Mortgage Defaults Rise First Time Since Financial Crisis but Refi Surge Likely


Defaults are up for the first time since the great financial crisis. But as rates fall, a refi surge will help millions.

The Black Knight Mortgage Monitor shows the first annual rise in defaults since the crisis.

First Lien Defaults by Quarter

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  • An estimated 243K borrowers defaulted on first lien mortgages in Q2 2019
  • While the quarter ending on a Sunday certainly played a factor in the rise in defaults, a noticeable overall slowdown in the decline in default activity has been observed.
  • The national default rate rose by 3% compared to Q2 2018, the first such annual rise since the financial crisis (adjusting for the 2017 hurricane season)


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  • The national delinquency rate fell by 7% in July, offsetting the bulk of June’s calendar-related spike
  • At 3.46%, July 2019’s delinquency rate is the lowest of any July on record (dating back to 2000)
  • Serious delinquencies (all loans 90 or more days delinquent but not in active foreclosure) fell below 445,000 for the first time since June 2006
  • Despite the Q2 year-over-year rise in defaults, overall seriously delinquent inventory (loans 90 or more days past due) is down by 17% from last year due to continued strong cure activity

Refinancing Stats

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  • Prepayment activity jumped 26% from June to its highest level in nearly three years and 58% above this time last year as falling interest rates continue to fuel refinance incentive
  • There are now 9.7M refinance candidates in the market.
  • Rates have since fallen to 3.50% near a two-and-a-half year low, resulting in the most refinance incentive in the market since late 2016


The above Black Knight chart and bullet points contain some unpublished numbers. Those bullet points do not match the link at the top.

Black Knight was gracious enough to send me an updated numbers and an unpublished chart.

Refinance Candidates Under Different Interest Rate Scenarios

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Another 1/8 point decline in rates would increase the number of refinance candidates by 1.5M to 9.7M - a 18% rise in refi incentive.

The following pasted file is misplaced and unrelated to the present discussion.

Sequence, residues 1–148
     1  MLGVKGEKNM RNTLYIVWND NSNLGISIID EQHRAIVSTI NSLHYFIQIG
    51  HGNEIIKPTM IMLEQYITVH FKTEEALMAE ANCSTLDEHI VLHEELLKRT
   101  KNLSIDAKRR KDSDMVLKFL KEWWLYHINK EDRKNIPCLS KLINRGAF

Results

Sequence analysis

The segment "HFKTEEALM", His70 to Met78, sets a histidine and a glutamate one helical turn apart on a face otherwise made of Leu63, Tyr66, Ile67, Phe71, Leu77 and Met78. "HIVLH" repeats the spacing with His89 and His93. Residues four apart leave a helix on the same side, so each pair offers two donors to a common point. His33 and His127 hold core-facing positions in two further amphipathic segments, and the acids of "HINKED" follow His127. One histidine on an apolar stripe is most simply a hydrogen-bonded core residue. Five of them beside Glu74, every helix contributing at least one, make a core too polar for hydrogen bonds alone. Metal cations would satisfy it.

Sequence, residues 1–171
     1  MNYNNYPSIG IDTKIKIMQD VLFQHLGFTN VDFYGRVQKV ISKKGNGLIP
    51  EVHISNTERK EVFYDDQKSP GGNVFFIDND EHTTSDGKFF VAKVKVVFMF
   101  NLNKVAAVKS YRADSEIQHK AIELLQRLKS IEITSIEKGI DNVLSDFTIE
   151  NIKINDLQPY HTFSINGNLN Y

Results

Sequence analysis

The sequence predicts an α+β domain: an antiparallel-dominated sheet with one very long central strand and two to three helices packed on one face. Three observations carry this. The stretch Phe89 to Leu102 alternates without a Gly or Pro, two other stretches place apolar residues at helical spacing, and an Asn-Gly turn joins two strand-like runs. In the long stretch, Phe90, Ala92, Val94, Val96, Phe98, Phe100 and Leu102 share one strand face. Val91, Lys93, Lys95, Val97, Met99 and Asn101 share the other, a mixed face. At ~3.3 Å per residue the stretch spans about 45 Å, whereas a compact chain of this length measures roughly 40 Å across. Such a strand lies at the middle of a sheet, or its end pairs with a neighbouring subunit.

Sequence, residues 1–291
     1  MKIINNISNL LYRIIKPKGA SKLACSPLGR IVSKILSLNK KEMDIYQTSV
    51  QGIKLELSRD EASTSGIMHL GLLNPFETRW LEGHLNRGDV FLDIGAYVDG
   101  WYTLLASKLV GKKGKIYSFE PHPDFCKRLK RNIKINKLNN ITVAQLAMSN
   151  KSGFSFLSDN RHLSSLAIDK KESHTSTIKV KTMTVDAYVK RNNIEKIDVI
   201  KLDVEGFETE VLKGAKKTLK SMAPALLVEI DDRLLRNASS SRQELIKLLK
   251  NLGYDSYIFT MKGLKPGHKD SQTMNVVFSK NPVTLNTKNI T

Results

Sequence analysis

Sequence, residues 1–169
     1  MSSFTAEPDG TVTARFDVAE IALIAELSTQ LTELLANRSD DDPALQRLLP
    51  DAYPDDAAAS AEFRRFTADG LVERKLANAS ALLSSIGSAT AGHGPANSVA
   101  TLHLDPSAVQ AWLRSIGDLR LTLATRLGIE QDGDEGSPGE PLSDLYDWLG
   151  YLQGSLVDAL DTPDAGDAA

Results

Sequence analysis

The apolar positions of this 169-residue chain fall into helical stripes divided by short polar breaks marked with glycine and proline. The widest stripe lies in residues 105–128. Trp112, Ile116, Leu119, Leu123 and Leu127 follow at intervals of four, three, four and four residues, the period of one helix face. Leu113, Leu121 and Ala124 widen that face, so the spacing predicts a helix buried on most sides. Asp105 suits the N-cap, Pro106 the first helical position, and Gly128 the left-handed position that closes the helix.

Likewise, a 1/8 point increase in the 30-year rate would decrease the number of refinance candidates by 1.3M to 6.9M, a 16% decline.

Refinance Comments from Raymond James' Director of Agency Trading

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Steven Childress, Managing Director of Agency MBS Trading, at Raymond James offered these thoughts on refinancing.

  • Just looking at the number of refinance-eligible loans in the money is not the best way to look at refinance eligibility. It’s better to consider how much is in the money as a percentage what is outstanding.
  • Outstanding has grown to ~6.5 trillion in just fixed MBS (FNMA/FGLMC/GNMA). However, today’s raw number is a smaller percentage.
  • The vast majority of eligible refis are from 2018 production, when new loans were put on at higher rates. And even though they are now in the money, it doesn’t mean people will actually refinance.
  • A refinance boom could happen, but the impact may not be as great as the raw eligibility numbers imply.

Affordability Illusions

Black knight says falling interest rates make homes more "affordable".

"The decline in 30-year rates has been equivalent to a 15% increase in buying power, meaning that prospective homebuyers shopping for the average priced home could now pay $45,000 more for a home than last fall while keeping monthly payments the same."

Let's not confuse monthly payments with what a house is worth. A home is not worth $45,000 more (or less) based on what the interest rate is.

Moreover, and very importantly, home price increases have far outstripped wages.

Housing Bubble Reblown

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The Fed re-blew the housing bubble. The Last Chance for a Good Price Was 7 Years Ago.

"Affordability" based on declining interest rates is an illusion.

People shy away from buying homes for one primary reason: sticker shock. They cannot afford the asking prices.

Interest rates have a minor role.

Thanks to Black Knight, Raymond James

Affordability issues aside, Black Knight puts out a solid set of stats every month.

Also, thanks to Steven Childress at Raymond James.

Mike "Mish" Shedlock

Comments (6)
No. 1-3

This assumes people have jobs when the refi. I haven't had a mortgage in over a decade but I assume you still have to have some form of income to get one.


I know that you prefer to call it "blowing a bubble" or "popping a bubble", but it is all semantics; there is no doubt that interest rates affect real estate value. You can't just compare real estate prices to wages without regards to interest rates. If you are a wage earner considering a home purchase, you compare your wage to the payment required to buy a house, not to the house price itself.


"People shy away from buying homes for one primary reason: sticker shock. They cannot afford the asking prices."

I can attest to this. My wife and I have been looking in Central NJ. $550,000+ for 2,000 sq. ft. on 1/2 an acre and the house hasn't been touched since the late 80's/early 90's with over $13,000/year in property taxes? Yeah, I don't think so.

We have been looking for over a year and haven't even put in 1 offer. I'll keep waiting for the collapse. We make around $150k and have about $200k to put down. Having a $3,000+/month payment seems insane to me, especially for this. I'll wait for the bottom to fall out.

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